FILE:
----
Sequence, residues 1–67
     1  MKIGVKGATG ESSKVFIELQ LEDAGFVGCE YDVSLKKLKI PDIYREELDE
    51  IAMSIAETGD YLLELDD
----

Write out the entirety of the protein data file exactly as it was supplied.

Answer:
Sequence, residues 1–67
     1  MKIGVKGATG ESSKVFIELQ LEDAGFVGCE YDVSLKKLKI PDIYREELDE
    51  IAMSIAETGD YLLELDD